As we move into late spring/summer, insect activity can begin to increase and, with correct weather conditions, can mean a critical time to begin monitoring crops for potential insect issues. One insect to keep in mind when it comes to alfalfa management is the potato leafhopper (PLH). The PLH is an insect that can impact alfalfa mid-to-late season. This insect does not overwinter in the northern and eastern U.S. but must migrate from southern/southeastern locations every spring, usually by wind associated with storms. As their pattern of movement depends on environmental conditions, predicting or forecasting their potential damage in a given area in a given year can be difficult.
Identification and Damage:
PLH adults are wedge-shaped winged insects that can be varying shades of yellow, to lime green in color and are around 1/8-inch long (Figure 1). After an adult female deposits eggs into the stems and petioles of alfalfa, the eggs hatch in seven to 10 days. The nymphs that emerge are wingless and will become winged adults in about two weeks.
PLH are piercing/sucking insects. and as they feed, they inject a toxin into the plant that can a damage the phloem of the plant, disrupting the normal flow of water and nutrients to the leaves. This combined with the toxin typically manifests into a V-shaped yellowing at leaf tips that can often turn reddish or bronze (Figure 2). These symptoms can also appear as plant necrosis, wilting or mimic fertilizer deficiencies. The toxin can also reduce a stand regrowth potential and can limit nutritional value of an alfalfa crop in severe infestations. The greatest impact that PLH can have, though, is at harvest by limiting alfalfa tonnage and productivity.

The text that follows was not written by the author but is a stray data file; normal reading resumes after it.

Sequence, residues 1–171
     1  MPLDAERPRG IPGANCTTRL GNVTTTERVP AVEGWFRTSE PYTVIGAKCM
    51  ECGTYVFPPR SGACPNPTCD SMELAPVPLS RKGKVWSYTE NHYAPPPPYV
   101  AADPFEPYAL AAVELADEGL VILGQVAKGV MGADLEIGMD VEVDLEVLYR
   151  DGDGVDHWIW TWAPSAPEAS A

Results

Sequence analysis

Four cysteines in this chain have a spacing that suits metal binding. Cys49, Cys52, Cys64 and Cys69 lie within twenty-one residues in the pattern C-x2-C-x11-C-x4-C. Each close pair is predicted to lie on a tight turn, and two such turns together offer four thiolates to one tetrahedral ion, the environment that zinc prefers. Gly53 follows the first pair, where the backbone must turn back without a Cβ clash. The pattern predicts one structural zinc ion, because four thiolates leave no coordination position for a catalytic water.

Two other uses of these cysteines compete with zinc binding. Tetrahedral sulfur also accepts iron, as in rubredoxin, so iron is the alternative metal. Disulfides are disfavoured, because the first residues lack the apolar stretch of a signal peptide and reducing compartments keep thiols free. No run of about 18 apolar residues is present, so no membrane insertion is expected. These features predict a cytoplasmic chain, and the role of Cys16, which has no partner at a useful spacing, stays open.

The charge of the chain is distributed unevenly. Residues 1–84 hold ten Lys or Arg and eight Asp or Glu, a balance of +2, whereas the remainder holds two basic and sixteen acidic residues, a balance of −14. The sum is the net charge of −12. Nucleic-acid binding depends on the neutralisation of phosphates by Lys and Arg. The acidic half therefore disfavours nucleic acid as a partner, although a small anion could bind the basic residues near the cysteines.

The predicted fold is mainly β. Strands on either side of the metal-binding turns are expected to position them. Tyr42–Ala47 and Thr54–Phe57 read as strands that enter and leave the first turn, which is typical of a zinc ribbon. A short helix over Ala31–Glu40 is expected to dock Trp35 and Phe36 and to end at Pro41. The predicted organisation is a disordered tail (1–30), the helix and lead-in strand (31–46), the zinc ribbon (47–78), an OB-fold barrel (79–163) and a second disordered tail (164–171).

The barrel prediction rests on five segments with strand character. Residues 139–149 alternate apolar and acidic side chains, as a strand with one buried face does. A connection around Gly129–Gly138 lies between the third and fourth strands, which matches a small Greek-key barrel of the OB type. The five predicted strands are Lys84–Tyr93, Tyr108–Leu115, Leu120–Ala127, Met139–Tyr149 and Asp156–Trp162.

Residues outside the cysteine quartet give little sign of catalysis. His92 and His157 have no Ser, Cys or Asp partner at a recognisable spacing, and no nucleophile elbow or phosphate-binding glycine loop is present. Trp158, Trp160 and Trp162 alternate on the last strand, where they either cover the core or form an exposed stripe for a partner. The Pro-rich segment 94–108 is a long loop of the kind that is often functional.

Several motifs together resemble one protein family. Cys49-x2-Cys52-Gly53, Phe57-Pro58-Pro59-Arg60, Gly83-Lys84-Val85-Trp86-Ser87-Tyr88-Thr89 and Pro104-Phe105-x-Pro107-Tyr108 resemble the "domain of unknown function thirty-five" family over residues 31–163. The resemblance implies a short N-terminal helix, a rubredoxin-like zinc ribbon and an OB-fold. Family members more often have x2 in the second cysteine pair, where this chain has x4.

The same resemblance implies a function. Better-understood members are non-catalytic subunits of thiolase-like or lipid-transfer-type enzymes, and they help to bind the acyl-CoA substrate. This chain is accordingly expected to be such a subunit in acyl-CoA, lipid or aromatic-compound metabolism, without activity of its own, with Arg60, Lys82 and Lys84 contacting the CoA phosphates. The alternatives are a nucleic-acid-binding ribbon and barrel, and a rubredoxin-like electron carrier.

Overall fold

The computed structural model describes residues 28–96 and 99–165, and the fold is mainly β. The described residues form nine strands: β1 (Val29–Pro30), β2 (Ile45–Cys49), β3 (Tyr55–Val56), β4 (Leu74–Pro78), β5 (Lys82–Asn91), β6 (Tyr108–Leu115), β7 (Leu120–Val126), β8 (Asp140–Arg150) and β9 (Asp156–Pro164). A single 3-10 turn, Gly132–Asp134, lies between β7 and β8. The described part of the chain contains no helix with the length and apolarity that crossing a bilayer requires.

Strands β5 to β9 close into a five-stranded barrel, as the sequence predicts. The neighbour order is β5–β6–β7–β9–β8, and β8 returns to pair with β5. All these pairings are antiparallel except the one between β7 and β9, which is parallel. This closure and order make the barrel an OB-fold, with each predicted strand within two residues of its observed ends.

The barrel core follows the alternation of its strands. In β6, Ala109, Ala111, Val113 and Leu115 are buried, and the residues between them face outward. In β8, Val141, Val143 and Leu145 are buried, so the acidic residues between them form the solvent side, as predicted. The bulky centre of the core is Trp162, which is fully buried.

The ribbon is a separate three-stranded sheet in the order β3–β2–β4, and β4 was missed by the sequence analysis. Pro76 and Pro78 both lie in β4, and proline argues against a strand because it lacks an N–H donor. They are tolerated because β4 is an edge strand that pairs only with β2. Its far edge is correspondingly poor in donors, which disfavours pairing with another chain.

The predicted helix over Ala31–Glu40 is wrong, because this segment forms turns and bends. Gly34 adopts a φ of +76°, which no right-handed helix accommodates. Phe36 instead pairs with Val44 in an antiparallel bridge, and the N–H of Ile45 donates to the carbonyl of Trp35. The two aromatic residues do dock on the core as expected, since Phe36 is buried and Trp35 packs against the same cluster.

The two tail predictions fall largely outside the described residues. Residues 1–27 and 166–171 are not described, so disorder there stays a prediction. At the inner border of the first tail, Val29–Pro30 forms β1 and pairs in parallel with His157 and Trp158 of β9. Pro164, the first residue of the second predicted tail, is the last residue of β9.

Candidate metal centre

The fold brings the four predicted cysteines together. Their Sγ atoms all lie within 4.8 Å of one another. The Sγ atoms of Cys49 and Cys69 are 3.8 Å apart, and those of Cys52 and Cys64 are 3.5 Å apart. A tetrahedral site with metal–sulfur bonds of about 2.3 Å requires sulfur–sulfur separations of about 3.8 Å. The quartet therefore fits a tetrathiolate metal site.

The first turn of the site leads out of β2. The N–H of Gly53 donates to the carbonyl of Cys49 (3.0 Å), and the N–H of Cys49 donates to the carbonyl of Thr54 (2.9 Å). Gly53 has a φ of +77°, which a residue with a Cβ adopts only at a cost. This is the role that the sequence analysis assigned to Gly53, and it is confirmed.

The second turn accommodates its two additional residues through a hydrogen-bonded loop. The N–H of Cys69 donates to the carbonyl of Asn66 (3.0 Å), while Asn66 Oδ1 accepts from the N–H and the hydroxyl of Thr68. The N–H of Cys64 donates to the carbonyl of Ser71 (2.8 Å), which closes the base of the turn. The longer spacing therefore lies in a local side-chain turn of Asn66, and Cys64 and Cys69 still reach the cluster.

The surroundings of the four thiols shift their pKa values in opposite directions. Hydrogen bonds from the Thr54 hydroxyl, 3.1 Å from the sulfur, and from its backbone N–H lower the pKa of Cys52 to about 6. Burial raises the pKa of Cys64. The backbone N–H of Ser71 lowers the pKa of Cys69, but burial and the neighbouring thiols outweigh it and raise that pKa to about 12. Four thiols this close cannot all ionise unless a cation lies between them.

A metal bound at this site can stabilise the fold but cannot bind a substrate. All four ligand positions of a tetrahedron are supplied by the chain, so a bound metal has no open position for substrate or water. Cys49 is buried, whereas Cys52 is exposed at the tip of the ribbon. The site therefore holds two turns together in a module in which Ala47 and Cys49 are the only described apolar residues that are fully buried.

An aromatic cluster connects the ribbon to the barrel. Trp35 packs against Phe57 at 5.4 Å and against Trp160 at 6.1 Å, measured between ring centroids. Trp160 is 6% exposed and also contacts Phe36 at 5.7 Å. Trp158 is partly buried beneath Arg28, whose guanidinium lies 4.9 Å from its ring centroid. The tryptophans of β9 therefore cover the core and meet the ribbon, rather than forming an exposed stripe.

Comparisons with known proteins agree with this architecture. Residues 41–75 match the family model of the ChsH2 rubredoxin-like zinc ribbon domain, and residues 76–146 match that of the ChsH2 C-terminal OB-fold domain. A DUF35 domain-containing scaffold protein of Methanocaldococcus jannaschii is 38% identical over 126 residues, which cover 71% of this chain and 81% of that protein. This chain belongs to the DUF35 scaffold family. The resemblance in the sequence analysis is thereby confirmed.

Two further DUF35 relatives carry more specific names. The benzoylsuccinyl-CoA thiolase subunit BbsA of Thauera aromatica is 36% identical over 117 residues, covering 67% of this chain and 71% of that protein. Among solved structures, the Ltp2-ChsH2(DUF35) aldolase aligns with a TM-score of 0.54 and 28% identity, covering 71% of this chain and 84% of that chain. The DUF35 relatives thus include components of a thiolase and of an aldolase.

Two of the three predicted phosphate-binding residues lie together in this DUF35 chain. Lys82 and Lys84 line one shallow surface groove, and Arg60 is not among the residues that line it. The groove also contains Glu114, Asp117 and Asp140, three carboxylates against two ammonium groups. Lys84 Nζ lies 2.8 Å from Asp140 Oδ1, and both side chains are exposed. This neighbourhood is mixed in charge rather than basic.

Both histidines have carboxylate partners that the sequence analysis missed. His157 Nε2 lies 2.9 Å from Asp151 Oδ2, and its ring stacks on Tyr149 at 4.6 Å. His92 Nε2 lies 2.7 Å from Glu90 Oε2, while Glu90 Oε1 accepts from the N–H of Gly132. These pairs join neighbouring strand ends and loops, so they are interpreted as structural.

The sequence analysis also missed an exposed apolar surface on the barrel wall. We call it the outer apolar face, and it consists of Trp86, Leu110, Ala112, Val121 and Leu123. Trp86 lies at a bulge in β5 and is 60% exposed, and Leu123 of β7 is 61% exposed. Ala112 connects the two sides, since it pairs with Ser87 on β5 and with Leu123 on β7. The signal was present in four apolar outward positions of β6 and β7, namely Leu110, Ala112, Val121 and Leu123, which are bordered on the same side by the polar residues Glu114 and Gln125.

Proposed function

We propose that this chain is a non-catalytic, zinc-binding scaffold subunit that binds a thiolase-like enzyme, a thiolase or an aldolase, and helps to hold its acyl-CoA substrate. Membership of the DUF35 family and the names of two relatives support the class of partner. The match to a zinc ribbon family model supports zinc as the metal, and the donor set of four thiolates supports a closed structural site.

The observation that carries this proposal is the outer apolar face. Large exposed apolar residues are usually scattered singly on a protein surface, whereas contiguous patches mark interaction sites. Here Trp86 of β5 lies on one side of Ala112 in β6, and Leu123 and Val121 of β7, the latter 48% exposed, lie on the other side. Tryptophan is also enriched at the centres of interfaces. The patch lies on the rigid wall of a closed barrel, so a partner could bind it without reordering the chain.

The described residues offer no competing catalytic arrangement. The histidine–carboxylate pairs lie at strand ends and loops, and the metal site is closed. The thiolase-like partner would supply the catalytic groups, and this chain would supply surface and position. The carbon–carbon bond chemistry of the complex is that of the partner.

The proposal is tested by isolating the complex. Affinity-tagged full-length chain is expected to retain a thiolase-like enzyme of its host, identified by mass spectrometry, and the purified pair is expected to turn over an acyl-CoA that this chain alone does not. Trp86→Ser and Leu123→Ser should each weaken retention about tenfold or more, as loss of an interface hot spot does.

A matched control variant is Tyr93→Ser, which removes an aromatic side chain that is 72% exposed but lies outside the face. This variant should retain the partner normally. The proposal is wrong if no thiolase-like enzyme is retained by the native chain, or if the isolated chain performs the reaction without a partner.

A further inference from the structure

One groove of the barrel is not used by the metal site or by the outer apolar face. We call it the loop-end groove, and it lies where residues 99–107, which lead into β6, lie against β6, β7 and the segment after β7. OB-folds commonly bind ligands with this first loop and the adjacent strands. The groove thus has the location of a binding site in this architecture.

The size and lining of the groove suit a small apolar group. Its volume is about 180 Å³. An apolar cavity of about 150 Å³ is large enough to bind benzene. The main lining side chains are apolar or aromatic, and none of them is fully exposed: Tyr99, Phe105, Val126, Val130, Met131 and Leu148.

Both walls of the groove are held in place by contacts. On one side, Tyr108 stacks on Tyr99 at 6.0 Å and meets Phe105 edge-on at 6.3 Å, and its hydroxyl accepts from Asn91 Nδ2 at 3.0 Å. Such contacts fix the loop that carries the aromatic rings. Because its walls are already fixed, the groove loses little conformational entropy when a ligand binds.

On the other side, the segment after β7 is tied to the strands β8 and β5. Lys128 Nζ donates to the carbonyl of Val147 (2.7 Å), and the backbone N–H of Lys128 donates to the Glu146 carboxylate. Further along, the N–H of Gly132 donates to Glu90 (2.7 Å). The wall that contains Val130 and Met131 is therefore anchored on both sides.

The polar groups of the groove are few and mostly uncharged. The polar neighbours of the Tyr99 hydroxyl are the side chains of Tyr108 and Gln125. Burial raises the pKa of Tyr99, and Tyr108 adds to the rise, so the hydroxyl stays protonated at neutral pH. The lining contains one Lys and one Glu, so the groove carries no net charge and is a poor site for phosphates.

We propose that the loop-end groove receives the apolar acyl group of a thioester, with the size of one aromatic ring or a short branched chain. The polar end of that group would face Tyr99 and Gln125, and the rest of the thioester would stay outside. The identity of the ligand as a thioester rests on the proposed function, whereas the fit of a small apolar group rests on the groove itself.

As productivity and yield loss can be realized before visible symptoms appear, the best way to determine if management of PLH is necessary is to scout. The best method is using a sweep net to collect and count adult and nymph in a given field. Determining if a chemical treatment is warranted is dependent on the age and height of the stand, as younger or newly established alfalfa fields are more susceptible to damage. The taller the crop is at a given time, the more it will be able to withstand pressures from PLH feeding. Variety differences can also impact PLH management strategies, as certain varieties will be more adapted to withstanding feeding pressures better than others. If thresholds are met, a chemical insecticide may be needed to control the PLH population. The existing stand may also need to be cut to encourage regrowth.
Control recommendations based on alfalfa plant height and number of potato leafhoppers or nymphs per 100 sweeps:2
- Under 3 inches = 20 adult hoppers
- 3 to 8 inches = 50 adult hoppers
- 8 to 12 inches = 100 adult hoppers or nymphs
- Over 12 inches = 200 adults or nymphs
Understand life cycles, identifying impacts and understanding when treatment application may be necessary to control population are all important factors into successfully controlling PLH. By continuing to monitor alfalfa stand health and stage of growth, as well as keeping an eye out for potential new populations of PLH emerging, a producer can help ensure the maximum productivity possible for his or her alfalfa crop can be reached.
1Undersander, D., Cosgrove, D., Cullen, E., Grau, C., Rice, M.E., Renz, M., Sheaffer, C., Shewmaker, G., and Sulc, M. Alfalfa management guide. American Society of Agronomy, Inc.
2Kaatz, P. 2012. Scouting for potato leafhoppers in alfalfa. Know your options for insect control prior to a problem. Michigan State University Extension. https://www.canr.msu.edu/.
Web sites verified 4/13/2020
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